Letters: Listener Stories Of Job Retraining

Talk of the Nation listeners responded to our show on job retraining with their own stories of trying to find work in new fields. Some fear the salaries they once earned scare off potential employers, while others successfully retrained and found new jobs.

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NEAL CONAN, host:

It's Tuesday, the day we read from your emails and Web comments. Our show about retraining for jobs in the new economy brought a huge response, though some people worried that their jobs maybe gone forever.

Susan(ph) in Florida wrote: I am a displaced 50-plus IT worker. I have applied twice for retraining in the state of Florida because the jobs are simply no longer there and wherever they are, they're going to young people. An enormous number of IT jobs have been off-shored and will probably never return. Employers seeing my years of experience at IT and former salary are not calling with jobs outside of IT. I and many of my friends in the same position and age bracket are facing the very real possibility we may never work again.

Cindy(ph) in Fresno found the economy hit industry harder and earlier than some and was able to plan for it. I could see the future of newspapers ahead and left my job there about five years ago. While I was still there, I started taking community college classes to explore retooling as an elementary school teacher. I tried PR and decided to keep pursuing the credential until I had to student teach. I am in my second year of teaching, still paying off my 11k loan and enjoying what I do.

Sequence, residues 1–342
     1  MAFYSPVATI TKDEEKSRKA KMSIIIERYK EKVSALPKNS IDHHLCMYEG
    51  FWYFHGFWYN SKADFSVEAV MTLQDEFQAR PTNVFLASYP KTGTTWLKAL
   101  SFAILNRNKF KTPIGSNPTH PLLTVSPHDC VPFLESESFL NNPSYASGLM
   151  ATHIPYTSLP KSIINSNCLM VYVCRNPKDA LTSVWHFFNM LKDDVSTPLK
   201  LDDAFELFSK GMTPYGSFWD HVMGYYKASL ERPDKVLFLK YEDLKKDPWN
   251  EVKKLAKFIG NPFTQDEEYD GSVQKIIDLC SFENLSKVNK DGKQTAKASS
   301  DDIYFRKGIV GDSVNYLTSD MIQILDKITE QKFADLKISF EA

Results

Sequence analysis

It's possible to retrain when you accept the reality as it unfolds in front of you and plan ahead. I think some people are in the boat they're in because they didn't see the signs or there were no signs or they were in debt beyond their means and couldn't correct their course. I still miss the newsroom, but it doesn't exist now like the one I remember. I enjoy the personal connection I can make in teaching.

Tomorrow on TALK OF THE NATION, our fourth annual obit show. This past year, some of the people we lost became huge stories, from Michael Jackson, to Ted Kennedy. Tomorrow, we remember some of the people who died in 2009 who may not have received a lot of public recognition.

We'd like to hear about the people who passed away last year that you think we ought to remember. Email us: talk@npr.org. You can also feel free to send us your comments, questions or corrections to that same email address: talk@npr.org. Please let us know where you're writing from and give us some help on how to pronounce your name.

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